Tipping in restaurants is a widespread practice in need of reform, according to a new study by University of Guelph professors.
They found tipping poses significant challenges for restaurants, with managers seeing difficulties in hiring chefs and maintaining a cordial workplace environment. Surprisingly, servers welcomed changes to how tips are divvied up, even at the risk of less income.
Recently published in the Journal of Foodservice Business Research, the study includes interviews with nearly 100 managers and servers, and 160 online surveys.
“This may be the first study looking at how tipping affects restaurants; it creates many issues for them, the biggest one being inequity in pay,” says co-author Prof. Bruce McAdams, Department of Hospitality, Food and Tourism Management. “Servers are generally making twice what those in the kitchen do, leading to a talent drain there. There are not enough chefs.”
A few restaurants in North America have attempted to address this issue by eliminating tipping and paying set salaries to staff, some servers have resisted.
“The average server in our study earned $18 per hour in tips, plus minimum wage,” says McAdams. “That adds up to nearly $28 per hour, so you can see why servers would not want to eliminate tipping.”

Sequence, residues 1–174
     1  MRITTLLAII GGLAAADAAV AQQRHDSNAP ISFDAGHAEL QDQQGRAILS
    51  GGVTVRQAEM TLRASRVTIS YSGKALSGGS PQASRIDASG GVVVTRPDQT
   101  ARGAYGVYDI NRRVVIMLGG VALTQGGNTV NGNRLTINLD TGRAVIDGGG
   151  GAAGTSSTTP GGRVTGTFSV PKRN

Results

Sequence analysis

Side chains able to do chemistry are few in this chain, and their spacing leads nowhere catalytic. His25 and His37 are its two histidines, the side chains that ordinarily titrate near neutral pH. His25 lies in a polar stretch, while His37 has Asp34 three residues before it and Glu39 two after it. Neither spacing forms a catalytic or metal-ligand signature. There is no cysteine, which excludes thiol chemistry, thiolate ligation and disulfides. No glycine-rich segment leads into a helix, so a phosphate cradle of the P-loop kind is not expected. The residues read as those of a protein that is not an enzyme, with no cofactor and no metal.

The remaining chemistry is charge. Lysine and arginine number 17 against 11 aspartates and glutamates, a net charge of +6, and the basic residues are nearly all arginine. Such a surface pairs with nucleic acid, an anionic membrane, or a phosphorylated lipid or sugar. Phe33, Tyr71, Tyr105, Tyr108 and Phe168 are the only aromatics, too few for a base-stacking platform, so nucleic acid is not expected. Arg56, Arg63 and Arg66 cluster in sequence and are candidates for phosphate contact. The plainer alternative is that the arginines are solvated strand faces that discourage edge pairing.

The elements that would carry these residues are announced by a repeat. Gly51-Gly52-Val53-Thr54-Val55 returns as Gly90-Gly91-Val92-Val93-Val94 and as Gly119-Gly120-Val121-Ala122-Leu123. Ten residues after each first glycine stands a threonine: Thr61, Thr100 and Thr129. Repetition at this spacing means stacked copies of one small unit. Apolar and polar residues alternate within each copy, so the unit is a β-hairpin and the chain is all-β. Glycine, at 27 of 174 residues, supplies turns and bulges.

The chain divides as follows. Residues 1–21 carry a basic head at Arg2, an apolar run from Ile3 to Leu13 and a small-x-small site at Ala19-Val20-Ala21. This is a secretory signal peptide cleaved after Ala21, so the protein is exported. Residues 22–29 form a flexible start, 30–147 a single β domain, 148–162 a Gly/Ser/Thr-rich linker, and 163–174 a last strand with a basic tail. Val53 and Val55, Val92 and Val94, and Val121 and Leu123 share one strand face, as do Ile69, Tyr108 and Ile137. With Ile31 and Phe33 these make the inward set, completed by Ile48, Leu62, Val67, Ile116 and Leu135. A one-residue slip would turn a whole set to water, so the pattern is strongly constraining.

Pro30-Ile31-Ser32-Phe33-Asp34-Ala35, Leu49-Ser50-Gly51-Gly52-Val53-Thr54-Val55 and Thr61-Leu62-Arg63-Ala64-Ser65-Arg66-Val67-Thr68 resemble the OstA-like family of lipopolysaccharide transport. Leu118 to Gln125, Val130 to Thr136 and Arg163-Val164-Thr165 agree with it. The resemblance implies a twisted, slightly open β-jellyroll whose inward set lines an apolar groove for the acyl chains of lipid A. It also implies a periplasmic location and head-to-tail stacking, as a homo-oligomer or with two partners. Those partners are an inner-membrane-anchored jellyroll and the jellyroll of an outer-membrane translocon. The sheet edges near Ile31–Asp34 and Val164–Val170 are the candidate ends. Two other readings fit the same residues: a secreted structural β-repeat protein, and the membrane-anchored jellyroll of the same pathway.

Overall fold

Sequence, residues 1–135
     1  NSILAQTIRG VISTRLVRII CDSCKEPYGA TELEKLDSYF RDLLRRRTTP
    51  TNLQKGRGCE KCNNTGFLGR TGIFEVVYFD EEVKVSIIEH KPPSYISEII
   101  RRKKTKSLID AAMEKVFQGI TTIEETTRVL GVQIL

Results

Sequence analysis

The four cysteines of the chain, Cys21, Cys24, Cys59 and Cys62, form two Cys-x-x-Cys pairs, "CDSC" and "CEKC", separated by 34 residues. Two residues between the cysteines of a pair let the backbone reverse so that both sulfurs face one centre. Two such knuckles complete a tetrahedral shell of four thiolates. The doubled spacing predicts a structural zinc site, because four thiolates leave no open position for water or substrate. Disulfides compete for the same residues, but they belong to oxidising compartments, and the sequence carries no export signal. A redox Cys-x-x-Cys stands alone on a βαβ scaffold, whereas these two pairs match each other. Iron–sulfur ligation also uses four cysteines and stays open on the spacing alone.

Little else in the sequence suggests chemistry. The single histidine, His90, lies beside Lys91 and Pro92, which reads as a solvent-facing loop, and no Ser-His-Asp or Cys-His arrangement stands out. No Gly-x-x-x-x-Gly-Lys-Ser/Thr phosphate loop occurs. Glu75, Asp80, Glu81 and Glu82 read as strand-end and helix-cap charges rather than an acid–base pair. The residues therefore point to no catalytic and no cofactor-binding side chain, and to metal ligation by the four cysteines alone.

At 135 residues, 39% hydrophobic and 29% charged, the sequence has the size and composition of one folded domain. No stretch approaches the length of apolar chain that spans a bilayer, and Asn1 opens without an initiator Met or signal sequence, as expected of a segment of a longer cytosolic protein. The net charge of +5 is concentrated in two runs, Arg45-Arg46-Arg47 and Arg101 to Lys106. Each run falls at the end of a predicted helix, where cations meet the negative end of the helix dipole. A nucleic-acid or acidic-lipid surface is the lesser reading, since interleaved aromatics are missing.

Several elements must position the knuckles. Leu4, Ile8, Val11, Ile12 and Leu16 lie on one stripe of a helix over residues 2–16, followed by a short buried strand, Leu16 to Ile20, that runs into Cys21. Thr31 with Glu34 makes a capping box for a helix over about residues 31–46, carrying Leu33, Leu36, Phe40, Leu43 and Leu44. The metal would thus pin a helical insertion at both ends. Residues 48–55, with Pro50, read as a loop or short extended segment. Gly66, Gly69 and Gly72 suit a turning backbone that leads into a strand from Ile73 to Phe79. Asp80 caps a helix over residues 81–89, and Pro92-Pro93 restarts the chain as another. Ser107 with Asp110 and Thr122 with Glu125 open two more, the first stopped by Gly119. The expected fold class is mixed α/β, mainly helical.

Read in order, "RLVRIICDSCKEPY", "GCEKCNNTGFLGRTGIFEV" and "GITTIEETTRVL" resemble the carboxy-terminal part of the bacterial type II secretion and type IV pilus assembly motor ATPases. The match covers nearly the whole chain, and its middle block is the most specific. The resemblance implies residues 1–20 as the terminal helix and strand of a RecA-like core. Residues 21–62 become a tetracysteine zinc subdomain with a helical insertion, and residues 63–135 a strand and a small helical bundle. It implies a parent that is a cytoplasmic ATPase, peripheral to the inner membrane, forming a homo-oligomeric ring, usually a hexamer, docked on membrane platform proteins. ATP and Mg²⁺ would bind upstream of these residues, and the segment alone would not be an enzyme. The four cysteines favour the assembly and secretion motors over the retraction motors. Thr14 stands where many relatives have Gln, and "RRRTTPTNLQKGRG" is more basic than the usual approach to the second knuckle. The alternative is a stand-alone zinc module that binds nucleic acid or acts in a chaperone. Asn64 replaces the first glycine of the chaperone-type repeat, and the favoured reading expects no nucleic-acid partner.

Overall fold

The study found some servers even resisted promotion to management because they would take home less pay.
Tipping can cause problems for managers, including rivalries and poor service by servers focused on tips and competing for certain shifts or restaurant sections, says co-author Prof. Michael von Massow, Department of Food, Agricultural and Resource Economics.
The survey found nine out of 10 servers supported pooling a portion of tips. It also found most managers and servers believe tipping rewards those who provide good customer service.
“Some customers also feel tipping ensures they get good service. What has been found, though, is most people tip within a certain window, regardless of service,” says von Massow.